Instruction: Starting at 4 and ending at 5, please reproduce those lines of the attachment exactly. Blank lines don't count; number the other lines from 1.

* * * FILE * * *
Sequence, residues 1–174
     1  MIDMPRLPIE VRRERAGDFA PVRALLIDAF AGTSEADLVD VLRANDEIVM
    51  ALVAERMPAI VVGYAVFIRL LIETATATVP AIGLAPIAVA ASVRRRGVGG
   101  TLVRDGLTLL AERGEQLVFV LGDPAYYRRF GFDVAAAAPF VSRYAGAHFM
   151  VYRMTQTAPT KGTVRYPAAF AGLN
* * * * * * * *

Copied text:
   101  TLVRDGLTLL AERGEQLVFV LGDPAYYRRF GFDVAAAAPF VSRYAGAHFM
   151  VYRMTQTAPT KGTVRYPAAF AGLN